Crayfish in Britain

Signal crayfish are a non-native species which cause considerable harm to the ecosystem and potentially the economy. They are carriers of the crayfish plague, (a water mould that infects crayfish), to which they are resistant but other crayfish species are not, and it is pushing the White Clawed Crayfish closer to extinction. The White Clawed Crayfish is already classed as endangered due to this.

Signal crayfish have a faster growth rate than the native White Clawed Crayfish and this means that resources get taken by the non-native species before the White Clawed Crayfish has chance to mature. There are numerous ways to spot the differences between the two species, as the White clawed crayfish has a white underside to its claws compared to the singular white spot on the claw hinge of the Signal Crayfish. Both crayfish have different colours, the White Clawed Crayfish is an olive-brown colour while the Signal Crayfish is a blueish-brown to reddish-brown colour. The general sizes of the crayfish can be very similar as the native species can grow up to 12cm, but sizes under 10cm are far more common, while the Signal Crayfish can grow from anywhere between 6cm and 18cm. The habitats for both species are very similar, as they both live in freshwater rivers, lakes or streams where there is little to none salt content.

Signal Crayfish can cause economic damage as they burrow up to 2 metres into the riverbank which weakens it, but it only gets worsened as they can have multiple burrows intersecting with each other which causes the river bank to be weakened significantly more.  This can cause riverbanks to collapse which then makes it a flooding risk to buildings on the riverbank and can be a risk to livestock safety.

Both of these species of crayfish are present within the River Don and this is problematic due to the endangerment of the White Clawed Crayfish.

White clawed cray fish (Austropotamobius pallipes):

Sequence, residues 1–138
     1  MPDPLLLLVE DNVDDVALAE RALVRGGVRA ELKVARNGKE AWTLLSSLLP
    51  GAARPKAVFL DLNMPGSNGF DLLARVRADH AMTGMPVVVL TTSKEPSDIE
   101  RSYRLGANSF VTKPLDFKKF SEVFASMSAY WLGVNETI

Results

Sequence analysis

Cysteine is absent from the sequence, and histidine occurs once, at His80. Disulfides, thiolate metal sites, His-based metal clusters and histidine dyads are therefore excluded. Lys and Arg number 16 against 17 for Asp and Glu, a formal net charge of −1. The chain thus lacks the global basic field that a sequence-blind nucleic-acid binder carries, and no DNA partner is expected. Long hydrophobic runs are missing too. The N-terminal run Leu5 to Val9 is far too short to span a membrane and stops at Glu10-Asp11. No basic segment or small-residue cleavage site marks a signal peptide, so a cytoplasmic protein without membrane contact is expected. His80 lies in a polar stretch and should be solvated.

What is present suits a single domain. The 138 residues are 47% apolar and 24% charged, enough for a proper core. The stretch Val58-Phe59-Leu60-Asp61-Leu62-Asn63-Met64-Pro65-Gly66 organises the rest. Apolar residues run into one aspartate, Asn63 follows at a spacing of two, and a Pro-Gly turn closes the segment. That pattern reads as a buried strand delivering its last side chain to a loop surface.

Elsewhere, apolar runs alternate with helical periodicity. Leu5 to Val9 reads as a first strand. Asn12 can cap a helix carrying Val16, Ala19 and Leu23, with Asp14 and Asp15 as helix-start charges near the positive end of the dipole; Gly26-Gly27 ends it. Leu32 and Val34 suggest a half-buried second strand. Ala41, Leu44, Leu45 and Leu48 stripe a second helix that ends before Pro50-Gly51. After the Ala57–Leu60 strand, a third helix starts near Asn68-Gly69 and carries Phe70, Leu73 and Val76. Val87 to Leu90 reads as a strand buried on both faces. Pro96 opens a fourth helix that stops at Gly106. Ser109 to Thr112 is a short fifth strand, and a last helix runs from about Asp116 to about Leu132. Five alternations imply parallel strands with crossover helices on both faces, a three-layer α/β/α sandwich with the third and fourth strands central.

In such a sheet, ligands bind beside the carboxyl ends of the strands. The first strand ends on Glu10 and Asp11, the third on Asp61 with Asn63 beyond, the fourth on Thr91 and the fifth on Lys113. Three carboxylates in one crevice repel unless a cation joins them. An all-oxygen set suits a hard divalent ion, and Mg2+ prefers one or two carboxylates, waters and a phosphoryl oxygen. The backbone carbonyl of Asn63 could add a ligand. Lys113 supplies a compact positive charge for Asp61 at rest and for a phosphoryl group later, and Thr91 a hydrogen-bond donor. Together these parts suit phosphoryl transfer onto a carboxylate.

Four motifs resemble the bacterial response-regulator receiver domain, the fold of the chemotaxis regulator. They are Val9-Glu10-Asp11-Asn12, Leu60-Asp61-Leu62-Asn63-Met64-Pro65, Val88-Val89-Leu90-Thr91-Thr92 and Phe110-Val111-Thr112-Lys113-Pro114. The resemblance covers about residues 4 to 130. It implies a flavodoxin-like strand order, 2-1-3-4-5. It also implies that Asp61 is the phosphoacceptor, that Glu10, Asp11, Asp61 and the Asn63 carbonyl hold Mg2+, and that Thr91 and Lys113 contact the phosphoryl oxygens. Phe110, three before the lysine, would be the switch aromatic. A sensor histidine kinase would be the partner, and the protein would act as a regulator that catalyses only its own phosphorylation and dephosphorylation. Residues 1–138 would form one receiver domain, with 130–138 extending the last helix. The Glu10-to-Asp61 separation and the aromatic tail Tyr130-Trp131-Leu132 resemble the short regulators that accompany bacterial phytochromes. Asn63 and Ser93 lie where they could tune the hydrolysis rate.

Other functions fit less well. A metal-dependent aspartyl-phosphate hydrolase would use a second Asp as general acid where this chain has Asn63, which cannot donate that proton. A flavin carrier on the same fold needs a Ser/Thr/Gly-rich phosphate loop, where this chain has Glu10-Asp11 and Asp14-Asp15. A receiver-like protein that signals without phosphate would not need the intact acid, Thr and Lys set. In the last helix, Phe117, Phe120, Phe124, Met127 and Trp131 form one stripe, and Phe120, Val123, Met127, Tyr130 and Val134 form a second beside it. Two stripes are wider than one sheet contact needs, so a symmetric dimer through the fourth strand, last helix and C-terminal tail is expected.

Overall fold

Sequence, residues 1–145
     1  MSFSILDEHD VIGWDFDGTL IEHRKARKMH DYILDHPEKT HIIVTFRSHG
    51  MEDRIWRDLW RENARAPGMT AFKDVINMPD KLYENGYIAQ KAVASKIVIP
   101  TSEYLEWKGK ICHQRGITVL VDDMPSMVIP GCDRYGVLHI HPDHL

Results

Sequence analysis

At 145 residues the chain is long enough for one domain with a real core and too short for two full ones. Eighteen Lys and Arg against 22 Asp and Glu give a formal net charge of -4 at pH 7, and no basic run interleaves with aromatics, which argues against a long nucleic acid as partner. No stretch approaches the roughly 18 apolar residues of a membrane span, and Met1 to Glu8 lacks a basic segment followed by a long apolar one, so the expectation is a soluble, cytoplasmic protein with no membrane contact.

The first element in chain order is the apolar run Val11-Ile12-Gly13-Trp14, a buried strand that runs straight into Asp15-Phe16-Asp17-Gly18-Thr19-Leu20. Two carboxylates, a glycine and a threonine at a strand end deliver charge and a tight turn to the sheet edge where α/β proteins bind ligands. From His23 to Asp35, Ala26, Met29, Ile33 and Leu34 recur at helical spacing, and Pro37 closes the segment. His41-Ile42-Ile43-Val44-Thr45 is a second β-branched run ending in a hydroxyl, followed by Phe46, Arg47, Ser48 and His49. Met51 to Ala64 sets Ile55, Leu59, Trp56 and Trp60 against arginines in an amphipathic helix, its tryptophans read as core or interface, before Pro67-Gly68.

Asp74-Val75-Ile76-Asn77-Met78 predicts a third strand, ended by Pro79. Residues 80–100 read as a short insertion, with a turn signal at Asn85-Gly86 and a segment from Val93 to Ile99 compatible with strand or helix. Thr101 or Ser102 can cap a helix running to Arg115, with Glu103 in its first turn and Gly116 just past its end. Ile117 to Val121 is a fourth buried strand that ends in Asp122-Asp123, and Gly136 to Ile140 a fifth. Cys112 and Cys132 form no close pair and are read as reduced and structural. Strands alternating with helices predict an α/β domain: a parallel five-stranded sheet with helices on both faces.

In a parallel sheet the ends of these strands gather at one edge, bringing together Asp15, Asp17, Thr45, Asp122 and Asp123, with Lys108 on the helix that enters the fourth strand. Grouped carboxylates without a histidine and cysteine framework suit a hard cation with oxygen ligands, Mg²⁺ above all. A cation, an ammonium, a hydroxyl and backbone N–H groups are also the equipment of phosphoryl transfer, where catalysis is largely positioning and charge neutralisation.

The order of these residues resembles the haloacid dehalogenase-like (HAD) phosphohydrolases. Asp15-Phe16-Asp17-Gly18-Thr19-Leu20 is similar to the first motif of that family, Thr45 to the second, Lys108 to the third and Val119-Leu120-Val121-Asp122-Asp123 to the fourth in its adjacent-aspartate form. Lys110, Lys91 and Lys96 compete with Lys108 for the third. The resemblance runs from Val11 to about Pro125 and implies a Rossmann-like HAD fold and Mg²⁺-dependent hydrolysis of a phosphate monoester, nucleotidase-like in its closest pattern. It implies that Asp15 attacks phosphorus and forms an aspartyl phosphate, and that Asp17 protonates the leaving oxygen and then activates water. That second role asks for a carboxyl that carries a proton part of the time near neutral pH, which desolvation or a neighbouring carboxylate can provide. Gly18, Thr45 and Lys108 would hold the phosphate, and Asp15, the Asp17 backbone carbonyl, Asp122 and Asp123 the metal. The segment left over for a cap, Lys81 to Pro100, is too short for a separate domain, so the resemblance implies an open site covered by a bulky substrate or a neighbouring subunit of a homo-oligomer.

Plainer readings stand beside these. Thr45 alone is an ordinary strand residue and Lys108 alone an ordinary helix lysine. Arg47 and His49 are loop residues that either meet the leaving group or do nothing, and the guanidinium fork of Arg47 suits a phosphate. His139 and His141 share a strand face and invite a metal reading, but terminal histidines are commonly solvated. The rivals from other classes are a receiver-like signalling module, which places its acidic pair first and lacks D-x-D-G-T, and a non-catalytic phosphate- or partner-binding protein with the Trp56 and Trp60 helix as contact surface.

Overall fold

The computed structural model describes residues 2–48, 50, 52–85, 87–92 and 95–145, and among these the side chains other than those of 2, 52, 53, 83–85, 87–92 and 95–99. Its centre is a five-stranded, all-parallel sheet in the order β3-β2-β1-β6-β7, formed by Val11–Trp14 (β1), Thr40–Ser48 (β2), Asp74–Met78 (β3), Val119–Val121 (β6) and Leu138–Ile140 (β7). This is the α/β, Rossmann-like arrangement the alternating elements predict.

crayfishWhite-clawed Crayfish. Photo by Natural England/Jenny Wheeldon / CC BY

  • Appearance – olive/brown colour, pale undersides to the claw (pallipes translates to pale footed), can grow up to 12cm/5 inches but sizes below 10cm are common.
  • Habitat – Lives in lakes, rivers or streams usually about 1m deep where it hides amongst rocks and submerged logs, comes out to forage for food.
  • Conservation status – Falls under threatened as signal crayfish kill them off as it is a carrier for crayfish plague. Insecticides are also a major factor in white claw crayfish population declines.

 

Signal crayfish (Pacifastacus leniusculus):

crasyfish 2A Signal Crayfish. Photo by Andrew Gray  / CC BY

  • Appearance – 6-9cm (2.4-3.5 inch long) can grow up to 16-18cm (6..3 – 7.1 inch), blueish-brown to reddish-brown colour with large claws. They have a white to pale blue-green patch near the claw hinge.
  • Habitat – Rivers, streams or lakes, places that White Clawed Crayfish live and this cause them to die due to crayfish plague.
  • Conservation status – Least concern
  • Effects as an alien species – Signal crayfish are driving White Claw Crayfish and other native crayfish species towards extinction as they spread the crayfish plague and compete for resources. They grow faster and are far more aggressive than WCC, they can tolerate a much larger variety of conditions as well. Diet consists of fish and amphibian eggs, tadpoles, detritus, aquatic invertebrates, juvenile fish and aquatic vegetation which can decline populations of other species. Signal crayfish also have an economic impact as their burrows can cause river banks to collapse which then need replacing before flooding occurs which can damage livestock safety and stability of structures that are built upon the banks. Crayfish take refuges from salmonid fish and predate their eggs, which can reduce the value of fisheries.

Blog by
Josh Laidlow
Apprentice
josh

 

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